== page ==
Hacking is in the news with a vengeance this week thanks to TalkTalk and their loss of the personal data for 4m customers. The details of what happened are not really clear, with police arresting a 15-year-old in Northern Ireland and bailing him out just as some security experts are suggesting it was a Russian attack.
The details will emerge in time, but as each day goes by it seems to get worse for TalkTalk. The Information Commissioner could fine the company up to £500,000 if it is proven they did not protect customer data and lawyers specialised in class-actions are suggesting that compensation of £1,000 per customer might be in order.
Ambulance-chasers will always be found circling like vultures around any corporate disaster, but three things about the customer experience really stood out for me in this crisis and neither were handled well by TalkTalk.
1. Customers should expect security as a right; a company with millions of customers and personal financial details for each one on file just does not store customer data without serious encryption. Customers have a right to expect that their information is secure with the brands they choose to engage with.
2. Apologise in a meaningful way; TalkTalk has said that they will only consider compensation if customers have found their bank account attacked because of this data breach. Class action lawyers think they can get more even if customers have not faced a loss. Why doesn't the company make an immediate offer of some token that will encourage brand goodwill? Perhaps not charging any customer for their October bill would be an apology that every customer hears?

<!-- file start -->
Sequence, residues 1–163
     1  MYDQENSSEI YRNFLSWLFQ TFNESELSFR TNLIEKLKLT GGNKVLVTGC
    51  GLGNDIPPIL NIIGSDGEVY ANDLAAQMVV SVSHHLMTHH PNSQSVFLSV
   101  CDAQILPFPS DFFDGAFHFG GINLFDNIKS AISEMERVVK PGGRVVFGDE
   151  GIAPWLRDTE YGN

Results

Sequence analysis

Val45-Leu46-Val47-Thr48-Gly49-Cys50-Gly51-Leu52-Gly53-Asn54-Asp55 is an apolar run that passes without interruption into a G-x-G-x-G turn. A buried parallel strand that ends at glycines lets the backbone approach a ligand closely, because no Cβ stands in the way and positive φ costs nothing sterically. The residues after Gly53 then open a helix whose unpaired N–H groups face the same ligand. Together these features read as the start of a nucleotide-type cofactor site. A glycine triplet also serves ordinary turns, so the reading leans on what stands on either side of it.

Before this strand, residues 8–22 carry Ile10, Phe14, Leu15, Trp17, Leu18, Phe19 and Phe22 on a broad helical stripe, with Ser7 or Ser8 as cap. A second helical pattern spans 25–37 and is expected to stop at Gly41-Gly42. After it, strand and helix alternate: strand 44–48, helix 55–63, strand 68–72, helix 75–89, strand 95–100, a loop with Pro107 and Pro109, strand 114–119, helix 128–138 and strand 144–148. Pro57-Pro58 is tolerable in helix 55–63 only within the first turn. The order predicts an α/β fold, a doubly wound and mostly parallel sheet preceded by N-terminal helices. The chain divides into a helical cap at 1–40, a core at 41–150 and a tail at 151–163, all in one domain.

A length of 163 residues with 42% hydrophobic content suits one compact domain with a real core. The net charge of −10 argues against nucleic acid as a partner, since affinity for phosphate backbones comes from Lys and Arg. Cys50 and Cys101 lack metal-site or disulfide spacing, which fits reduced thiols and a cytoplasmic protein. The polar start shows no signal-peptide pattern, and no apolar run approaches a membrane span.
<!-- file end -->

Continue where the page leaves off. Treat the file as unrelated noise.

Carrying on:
3. You don't attack your customers; some outraged customers have suggested that they want to break their contract so they can move to a company that will respect their personal information. The response from TalkTalk was to issue penalty notices, fining customers hundreds of pounds for wanting to leave.
In mitigation, TalkTalk were caught out. They didn't expect this to happen and the penalty clauses are an accepted feature of the standard customer contracts. However, this is now 2015 not 1995. Every large company is under daily attack from hackers; from the teenager after a few quid in ransom money to state-sponsored economic terrorism.
I am not a lawyer, but I do understand the concept of force majeure - in exceptional circumstances normal contracts do not apply. TalkTalk has broken the confidence of all their customers by not respecting their personal data. Is a customer who wants to leave their contract early any guiltier of a breach of contract than TalkTalk themselves?
If I were in the shoes of TalkTalk CEO Dido Harding I would be doing two things right now. Firstly, preparing a good resignation speech because the executive management will eventually have to take responsibility for leaving the company open to attack. A security expert from Urity Group is already saying publicly that he warned TalkTalk last September that they were extremely vulnerable to attack after he had worked on their payment systems. More warnings and stories of corporate inaction will almost certainly emerge soon.
Secondly, and possibly the most important thing the company could be doing right now, is to go on a charm offensive. The deck is burning. A loss of all customer data could be enough to finish many companies. They have nothing to lose so why not go all out with loyalty deals for existing customers and special packages for those customers who will join in the middle of a crisis?
Harding needs to get out there and turn the endless media discussion about the TalkTalk brand from negative to positive - if it is at all possible and while she remains in post. More charm a fewer attacks on (understandably) disgruntled customers seems to be what is needed if TalkTalk want to survive this crisis.
This blog originally featured on Engage Customer.